Thank you for sharing!

Your article was successfully shared with the contacts you provided.

NEW YORK CITY-The Metropolitan Transportation Authority’s board voted unanimously Wednesday morning to close a $383-million budget gap with service cuts. If implemented beginning next June, the cuts would include reducing or eliminating subway and bus lines, as well as phasing out discounted fares for students in 2010 and 2011. The MTA will hold public hearings before implementing the cuts.

When the proposed budget was presented at a Monday meeting of MTA’s finance committee, Manhattan borough president Scott Stringer called it “inexcusable” that the agency was planning to eliminate the fare discount for students. The New York Times quoted Andrew Albert, chair of the New York Transit Riders Council, as saying it was “a complete failure of government” that the MTA–and riders–should face this predicament.

Along with wiping two subway lines and several bus lines off the transit map, the MTA will reduce late-night and weekend service and reduce payroll expenses by 10%. The MTA blames several factors including a $143-million shortfall in tax revenues from the state and a state Supreme Court judge’s decision that the agency must honor $91 million worth of raises for unionized employees.

In a release, the MTA says it’s required by law to balance its budget, and CFO Gary Dellaverson says this will not be done through fare increases, as the agency has already promised not to hike fares next year. Regarding the student discounts, the MTA notes that at one time it split the subsidy equally with the city and state, but the city pulled its funding in 1994 and the state has decreased its share over the years.

At Wednesday’s board meeting, chairman Jay Walder reportedly called for a top-to-bottom review of the MTA’s finances. “In the two months that I’ve been here, it’s apparent to me that we don’t operate in a way that ensures that every taxpayer dollar that we receive is being used as effectively as possible,” the Times quoted Walder as saying. He expressed regret that the cuts could not be avoided.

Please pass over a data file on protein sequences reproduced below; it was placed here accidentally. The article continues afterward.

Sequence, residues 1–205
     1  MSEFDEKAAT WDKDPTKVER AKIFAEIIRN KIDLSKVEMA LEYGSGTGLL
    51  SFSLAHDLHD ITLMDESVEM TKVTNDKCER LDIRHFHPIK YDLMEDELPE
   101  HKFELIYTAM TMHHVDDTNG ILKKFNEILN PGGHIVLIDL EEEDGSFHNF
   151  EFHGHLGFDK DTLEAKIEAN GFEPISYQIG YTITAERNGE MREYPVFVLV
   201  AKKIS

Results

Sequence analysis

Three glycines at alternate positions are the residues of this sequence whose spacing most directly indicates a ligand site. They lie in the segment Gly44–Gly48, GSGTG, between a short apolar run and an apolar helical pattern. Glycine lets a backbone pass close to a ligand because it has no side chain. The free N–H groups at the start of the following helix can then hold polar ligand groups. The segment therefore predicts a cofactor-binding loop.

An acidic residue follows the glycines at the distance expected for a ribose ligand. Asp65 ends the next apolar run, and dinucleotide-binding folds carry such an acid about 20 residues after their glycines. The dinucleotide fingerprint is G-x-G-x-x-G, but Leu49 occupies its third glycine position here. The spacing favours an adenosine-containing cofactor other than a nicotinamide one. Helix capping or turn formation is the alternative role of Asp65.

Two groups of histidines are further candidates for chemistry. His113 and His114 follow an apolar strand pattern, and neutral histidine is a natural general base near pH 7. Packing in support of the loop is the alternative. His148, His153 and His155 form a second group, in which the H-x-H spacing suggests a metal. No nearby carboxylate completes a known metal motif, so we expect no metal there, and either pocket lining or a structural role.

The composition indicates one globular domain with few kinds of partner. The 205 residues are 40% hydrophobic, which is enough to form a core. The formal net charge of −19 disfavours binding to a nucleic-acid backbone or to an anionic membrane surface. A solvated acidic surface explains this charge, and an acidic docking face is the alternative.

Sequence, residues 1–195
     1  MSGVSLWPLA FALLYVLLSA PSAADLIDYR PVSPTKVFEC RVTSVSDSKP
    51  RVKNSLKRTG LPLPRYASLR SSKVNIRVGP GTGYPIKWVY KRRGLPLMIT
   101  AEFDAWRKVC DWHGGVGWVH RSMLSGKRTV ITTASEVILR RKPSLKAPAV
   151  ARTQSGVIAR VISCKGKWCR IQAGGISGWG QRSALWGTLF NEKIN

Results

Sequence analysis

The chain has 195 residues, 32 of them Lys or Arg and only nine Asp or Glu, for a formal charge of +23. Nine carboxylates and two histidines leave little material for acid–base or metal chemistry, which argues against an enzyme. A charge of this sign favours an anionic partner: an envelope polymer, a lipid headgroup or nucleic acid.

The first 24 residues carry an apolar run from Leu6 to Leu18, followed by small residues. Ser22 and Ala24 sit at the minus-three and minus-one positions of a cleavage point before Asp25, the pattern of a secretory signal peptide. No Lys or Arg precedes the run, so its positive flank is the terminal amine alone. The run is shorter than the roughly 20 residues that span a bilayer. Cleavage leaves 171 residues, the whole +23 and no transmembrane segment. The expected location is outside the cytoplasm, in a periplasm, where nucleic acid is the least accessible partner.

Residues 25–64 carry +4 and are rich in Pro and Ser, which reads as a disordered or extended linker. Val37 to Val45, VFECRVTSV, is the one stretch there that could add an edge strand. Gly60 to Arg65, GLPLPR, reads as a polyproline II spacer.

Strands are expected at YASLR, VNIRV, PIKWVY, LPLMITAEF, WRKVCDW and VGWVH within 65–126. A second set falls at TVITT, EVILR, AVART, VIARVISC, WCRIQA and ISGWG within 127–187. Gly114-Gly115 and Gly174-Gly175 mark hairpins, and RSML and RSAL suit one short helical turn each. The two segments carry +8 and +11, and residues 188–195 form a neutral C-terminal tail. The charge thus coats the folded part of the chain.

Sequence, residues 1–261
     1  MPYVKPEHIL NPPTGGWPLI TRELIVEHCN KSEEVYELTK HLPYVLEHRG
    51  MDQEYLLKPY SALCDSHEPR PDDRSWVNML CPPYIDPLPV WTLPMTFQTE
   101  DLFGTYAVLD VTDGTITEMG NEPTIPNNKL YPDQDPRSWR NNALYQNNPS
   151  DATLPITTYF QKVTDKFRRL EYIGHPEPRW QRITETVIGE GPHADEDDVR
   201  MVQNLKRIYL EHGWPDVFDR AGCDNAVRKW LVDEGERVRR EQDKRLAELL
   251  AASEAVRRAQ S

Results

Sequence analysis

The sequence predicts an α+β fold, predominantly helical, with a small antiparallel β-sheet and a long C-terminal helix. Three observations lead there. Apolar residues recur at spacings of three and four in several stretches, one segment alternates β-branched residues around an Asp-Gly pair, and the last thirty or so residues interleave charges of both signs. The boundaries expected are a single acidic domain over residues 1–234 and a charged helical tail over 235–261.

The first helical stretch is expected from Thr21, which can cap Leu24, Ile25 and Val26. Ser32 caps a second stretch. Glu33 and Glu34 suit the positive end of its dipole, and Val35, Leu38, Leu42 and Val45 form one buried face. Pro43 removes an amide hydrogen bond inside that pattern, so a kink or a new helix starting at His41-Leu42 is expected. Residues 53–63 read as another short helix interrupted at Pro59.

Want to continue reading?
Become a Free ALM Digital Reader.

Once you are an ALM digital member, you’ll receive:

  • Unlimited access to GlobeSt and other free ALM publications
  • Access to 15 years of GlobeSt archives
  • Your choice of GlobeSt digital newsletters and over 70 others from popular sister publications
  • 1 free article* every 30 days across the ALM subscription network
  • Exclusive discounts on ALM events and publications

*May exclude premium content
Already have an account?



Join GlobeSt

Don't miss crucial news and insights you need to make informed commercial real estate decisions. Join GlobeSt.com now!

  • Free unlimited access to GlobeSt.com's trusted and independent team of experts who provide commercial real estate owners, investors, developers, brokers and finance professionals with comprehensive coverage, analysis and best practices necessary to innovate and build business.
  • Exclusive discounts on ALM and GlobeSt events.
  • Access to other award-winning ALM websites including ThinkAdvisor.com and Law.com.

Already have an account? Sign In Now
Join GlobeSt

Copyright © 2022 ALM Global, LLC. All Rights Reserved.